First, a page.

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First Presbyterian Church


The First Presbyterian Church in New Hartford, the oldest church in the western end of the Mohawk Valley, was organized more than two centuries.

Although the church was founded under the Congregational plan, it has been Presbyterian since 1802.

At a June 20, 1791 meeting, it was voted that a stake standing in a stump a few rods south of Ezekiel William's dwelling, 'shall be the spot for erecting a meeting house'.

The organizer was the Rev. Dr. Jonathan Edwards Jr., usually styled "The Younger Edwards," to distinguish him from his grandfather who was president of Princeton College.


It was in Judge Sanger's barn on a Saturday afternoon, August 27, 1791 that the church was organized. A committee was named. A singular entry is contained in the church minutes relating to the raising of the church. It reads: "The Society to be at the expense of raising said house in every respect except the liquor and master workman."

Dr. Edwards was a circuit rider whose home was in West Haven, Conn. He was called to the organization meeting and 13 settlers were delegated to sign the Articles of Faith, and also the agreement to found the "First Religious Society in Whitestown."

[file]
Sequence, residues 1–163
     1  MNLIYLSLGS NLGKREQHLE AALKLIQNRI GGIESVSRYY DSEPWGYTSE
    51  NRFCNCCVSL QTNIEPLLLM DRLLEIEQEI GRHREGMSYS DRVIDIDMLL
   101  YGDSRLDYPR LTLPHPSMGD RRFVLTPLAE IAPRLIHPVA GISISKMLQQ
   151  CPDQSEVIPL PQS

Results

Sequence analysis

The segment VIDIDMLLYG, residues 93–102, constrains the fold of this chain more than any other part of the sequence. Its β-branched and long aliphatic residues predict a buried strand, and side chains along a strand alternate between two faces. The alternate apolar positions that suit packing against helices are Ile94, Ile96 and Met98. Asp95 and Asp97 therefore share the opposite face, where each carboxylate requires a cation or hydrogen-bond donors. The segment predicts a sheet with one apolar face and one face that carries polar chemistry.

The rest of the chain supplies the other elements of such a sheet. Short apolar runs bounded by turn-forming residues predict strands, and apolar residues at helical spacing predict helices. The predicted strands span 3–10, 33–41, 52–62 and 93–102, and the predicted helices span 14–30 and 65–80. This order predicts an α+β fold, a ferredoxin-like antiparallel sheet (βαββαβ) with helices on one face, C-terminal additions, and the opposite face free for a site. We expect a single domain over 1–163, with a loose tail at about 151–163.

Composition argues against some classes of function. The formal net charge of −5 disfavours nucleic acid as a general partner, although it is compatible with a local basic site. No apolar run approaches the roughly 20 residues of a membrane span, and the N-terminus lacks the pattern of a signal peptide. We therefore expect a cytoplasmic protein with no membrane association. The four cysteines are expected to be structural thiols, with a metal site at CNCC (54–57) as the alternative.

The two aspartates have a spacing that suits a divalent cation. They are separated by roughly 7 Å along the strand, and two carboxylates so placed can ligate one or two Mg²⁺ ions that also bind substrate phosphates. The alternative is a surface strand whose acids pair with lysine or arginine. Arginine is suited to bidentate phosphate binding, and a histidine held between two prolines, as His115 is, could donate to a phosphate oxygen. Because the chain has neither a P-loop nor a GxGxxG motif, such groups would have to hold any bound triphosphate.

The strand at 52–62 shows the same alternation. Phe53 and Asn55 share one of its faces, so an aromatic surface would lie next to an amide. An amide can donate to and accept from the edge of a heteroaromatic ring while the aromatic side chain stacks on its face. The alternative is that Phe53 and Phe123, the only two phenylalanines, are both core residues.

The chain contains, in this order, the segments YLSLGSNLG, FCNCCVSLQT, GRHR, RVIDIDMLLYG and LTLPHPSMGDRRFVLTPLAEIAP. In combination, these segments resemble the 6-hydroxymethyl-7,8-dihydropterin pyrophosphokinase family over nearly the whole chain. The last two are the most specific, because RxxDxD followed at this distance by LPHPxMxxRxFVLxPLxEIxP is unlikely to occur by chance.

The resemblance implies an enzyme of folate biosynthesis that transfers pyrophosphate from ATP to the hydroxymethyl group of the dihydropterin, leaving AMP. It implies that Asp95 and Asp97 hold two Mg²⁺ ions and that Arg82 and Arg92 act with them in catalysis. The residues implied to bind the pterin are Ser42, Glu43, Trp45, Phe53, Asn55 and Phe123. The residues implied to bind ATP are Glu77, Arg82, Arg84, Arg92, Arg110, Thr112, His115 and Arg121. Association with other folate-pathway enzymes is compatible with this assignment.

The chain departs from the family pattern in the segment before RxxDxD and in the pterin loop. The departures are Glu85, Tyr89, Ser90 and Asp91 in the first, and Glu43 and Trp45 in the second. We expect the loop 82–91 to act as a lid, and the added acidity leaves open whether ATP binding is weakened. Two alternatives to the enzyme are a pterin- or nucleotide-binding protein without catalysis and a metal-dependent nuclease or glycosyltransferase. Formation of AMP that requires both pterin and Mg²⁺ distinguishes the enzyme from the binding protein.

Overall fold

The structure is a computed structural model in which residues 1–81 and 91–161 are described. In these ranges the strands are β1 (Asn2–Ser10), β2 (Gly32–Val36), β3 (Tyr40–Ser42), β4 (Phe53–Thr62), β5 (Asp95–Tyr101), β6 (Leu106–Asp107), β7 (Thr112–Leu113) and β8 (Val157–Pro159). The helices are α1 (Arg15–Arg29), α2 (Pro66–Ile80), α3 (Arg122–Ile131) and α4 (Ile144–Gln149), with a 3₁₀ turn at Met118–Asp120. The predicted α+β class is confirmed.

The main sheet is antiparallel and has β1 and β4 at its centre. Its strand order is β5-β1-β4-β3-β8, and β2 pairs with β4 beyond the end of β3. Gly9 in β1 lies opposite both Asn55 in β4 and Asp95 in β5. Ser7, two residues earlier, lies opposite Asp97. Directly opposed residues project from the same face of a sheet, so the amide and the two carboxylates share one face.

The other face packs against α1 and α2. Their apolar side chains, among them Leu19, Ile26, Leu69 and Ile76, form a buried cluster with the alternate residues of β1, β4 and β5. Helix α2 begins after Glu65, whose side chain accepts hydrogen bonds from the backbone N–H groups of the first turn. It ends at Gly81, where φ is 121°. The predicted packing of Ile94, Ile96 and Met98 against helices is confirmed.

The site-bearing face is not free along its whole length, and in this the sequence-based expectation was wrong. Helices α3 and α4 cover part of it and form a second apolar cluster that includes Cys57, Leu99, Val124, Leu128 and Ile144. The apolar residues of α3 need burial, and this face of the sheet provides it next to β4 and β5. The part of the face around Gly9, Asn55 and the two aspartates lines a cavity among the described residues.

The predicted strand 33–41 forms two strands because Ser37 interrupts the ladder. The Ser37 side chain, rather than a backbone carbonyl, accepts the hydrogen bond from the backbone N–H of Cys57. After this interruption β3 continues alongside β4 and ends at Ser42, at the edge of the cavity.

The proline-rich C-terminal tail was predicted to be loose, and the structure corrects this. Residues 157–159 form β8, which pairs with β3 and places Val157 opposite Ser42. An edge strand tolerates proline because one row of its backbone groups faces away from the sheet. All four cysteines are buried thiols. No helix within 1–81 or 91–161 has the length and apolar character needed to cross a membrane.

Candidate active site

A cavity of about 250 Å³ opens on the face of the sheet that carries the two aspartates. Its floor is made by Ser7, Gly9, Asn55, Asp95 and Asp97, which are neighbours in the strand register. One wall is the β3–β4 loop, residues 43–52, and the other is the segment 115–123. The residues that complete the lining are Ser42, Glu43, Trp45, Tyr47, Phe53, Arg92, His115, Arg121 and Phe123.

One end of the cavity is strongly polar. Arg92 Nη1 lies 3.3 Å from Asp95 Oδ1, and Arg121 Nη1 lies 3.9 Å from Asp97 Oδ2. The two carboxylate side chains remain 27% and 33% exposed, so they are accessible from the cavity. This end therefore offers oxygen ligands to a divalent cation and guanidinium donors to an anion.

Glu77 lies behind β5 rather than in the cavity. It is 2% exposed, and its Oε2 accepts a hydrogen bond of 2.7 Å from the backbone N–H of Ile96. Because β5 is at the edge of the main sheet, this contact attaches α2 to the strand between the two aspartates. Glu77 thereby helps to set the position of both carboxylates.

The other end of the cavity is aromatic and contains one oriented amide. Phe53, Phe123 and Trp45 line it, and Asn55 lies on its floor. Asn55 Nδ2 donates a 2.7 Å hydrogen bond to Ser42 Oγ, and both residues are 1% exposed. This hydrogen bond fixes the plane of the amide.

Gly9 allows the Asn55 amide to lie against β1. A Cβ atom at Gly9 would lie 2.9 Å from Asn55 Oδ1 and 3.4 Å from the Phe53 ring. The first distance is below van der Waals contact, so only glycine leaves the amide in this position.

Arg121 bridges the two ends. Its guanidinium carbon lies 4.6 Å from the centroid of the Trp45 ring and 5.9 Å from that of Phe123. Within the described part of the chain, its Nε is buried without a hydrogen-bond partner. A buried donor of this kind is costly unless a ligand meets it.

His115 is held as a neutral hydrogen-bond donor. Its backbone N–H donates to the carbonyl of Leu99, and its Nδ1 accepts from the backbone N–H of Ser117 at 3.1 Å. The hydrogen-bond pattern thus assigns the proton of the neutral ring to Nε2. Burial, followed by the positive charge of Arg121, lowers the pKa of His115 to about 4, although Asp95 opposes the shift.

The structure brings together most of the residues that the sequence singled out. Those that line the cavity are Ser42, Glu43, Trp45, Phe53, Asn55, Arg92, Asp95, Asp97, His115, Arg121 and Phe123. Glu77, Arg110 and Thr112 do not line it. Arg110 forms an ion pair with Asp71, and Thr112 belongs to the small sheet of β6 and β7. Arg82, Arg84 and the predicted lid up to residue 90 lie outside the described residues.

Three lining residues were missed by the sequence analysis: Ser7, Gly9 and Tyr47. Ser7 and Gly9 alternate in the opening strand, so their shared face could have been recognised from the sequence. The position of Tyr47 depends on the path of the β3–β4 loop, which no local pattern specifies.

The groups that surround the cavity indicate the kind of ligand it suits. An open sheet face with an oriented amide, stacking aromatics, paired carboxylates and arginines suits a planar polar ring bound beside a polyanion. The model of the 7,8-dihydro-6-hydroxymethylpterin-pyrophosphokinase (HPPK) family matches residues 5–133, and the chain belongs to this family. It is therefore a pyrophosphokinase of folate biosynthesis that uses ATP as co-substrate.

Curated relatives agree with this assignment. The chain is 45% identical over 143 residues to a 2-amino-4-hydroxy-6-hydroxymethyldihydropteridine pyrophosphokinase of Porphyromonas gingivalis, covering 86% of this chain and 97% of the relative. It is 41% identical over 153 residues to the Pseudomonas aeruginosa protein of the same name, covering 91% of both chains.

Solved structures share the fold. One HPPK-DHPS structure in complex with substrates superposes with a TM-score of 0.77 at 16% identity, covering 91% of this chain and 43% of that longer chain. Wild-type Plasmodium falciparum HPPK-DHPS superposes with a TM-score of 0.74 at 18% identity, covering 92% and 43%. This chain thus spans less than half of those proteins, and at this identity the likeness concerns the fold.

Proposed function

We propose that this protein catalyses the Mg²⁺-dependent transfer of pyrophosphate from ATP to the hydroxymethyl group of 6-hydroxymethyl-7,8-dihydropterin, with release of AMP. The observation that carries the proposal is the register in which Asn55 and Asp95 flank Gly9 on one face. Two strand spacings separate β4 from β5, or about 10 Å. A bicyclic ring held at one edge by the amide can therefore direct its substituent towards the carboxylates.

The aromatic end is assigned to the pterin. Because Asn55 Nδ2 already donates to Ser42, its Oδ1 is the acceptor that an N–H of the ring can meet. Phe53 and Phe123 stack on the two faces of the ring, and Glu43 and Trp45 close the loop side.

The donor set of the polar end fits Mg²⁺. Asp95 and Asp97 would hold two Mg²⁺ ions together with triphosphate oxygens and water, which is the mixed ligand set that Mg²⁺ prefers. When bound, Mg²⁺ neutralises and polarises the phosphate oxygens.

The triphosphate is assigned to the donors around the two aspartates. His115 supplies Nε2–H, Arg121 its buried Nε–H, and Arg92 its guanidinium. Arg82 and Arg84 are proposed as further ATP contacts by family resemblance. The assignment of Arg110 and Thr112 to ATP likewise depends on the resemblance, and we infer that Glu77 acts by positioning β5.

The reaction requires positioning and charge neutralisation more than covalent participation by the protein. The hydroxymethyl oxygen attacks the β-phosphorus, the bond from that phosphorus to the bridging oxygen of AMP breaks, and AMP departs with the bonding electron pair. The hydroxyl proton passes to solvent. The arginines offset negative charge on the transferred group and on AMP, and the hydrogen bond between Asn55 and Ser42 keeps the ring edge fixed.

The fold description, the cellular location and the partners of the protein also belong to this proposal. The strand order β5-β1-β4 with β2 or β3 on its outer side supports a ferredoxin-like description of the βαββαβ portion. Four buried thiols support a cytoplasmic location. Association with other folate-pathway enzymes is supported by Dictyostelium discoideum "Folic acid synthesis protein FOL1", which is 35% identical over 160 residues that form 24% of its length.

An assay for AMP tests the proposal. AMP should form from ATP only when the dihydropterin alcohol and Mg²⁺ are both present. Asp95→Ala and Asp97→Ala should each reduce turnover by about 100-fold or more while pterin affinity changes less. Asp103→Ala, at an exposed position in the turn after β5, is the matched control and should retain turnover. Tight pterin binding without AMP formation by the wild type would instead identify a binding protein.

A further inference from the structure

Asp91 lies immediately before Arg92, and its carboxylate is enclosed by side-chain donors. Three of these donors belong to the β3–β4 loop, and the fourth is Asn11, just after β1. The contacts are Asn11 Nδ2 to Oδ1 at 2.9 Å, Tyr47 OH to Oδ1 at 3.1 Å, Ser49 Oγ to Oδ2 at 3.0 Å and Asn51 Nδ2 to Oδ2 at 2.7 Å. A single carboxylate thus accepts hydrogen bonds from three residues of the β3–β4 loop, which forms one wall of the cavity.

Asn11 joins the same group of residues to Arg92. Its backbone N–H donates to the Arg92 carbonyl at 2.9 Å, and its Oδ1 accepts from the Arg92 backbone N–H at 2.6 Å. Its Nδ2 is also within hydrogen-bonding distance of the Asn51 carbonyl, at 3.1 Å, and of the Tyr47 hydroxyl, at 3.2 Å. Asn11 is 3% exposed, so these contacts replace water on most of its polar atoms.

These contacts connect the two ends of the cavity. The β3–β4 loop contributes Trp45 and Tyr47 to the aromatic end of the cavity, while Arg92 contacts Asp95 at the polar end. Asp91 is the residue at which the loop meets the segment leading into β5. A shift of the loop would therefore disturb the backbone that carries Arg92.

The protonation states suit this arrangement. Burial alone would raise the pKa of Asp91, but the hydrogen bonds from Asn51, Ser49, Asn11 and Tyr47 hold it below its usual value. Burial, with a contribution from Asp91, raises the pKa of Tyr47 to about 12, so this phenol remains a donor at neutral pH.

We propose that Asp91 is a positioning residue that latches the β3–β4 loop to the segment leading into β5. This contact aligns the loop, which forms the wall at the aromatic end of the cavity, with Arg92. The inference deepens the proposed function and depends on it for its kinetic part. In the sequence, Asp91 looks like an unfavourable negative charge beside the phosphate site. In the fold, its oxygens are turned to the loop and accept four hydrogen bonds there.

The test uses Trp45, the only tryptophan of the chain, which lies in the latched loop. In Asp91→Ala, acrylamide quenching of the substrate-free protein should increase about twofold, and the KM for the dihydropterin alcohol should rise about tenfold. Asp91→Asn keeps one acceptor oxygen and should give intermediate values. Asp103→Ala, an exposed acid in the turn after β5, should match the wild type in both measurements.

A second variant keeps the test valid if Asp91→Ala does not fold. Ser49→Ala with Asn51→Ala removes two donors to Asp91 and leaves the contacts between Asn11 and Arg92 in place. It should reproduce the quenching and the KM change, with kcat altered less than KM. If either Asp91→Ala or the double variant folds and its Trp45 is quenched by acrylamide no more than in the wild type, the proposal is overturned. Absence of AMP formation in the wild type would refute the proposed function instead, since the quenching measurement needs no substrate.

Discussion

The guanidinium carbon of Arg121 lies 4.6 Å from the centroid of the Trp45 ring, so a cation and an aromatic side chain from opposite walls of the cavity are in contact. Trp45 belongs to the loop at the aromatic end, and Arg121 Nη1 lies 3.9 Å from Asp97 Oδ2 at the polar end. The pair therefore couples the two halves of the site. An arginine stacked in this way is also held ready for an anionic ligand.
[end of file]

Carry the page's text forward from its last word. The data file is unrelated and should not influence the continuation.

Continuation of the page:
Whitestown, incidentally, is known to historians as the "Mother of Towns" because it extended from Fonda west for an unknown distance. At the time nothing was known of this country west of the Appalachian Mountains. By 1791 there were enough families in the New Hartford area to warrant the founding of a church.

Originally the church faced South St., (now Oxford Road) and was approached by a long walkthrough the village green. The building was enclosed by late fall and religious services were con­ducted within the incomplete building that winter. The interior, however, was not completed until about 1797 when the church was dedicated.

The sanctuary today is that same building with the same towering spire. The interior, however, was turned about a quarter turn at the time of extensive alterations in 1827.

Until about 1850 there had been a gallery in three large sections. The church always has been a very progressive one, and as rapidly as new inventions came along, they were installed for the comfort and convenience of the worshipers

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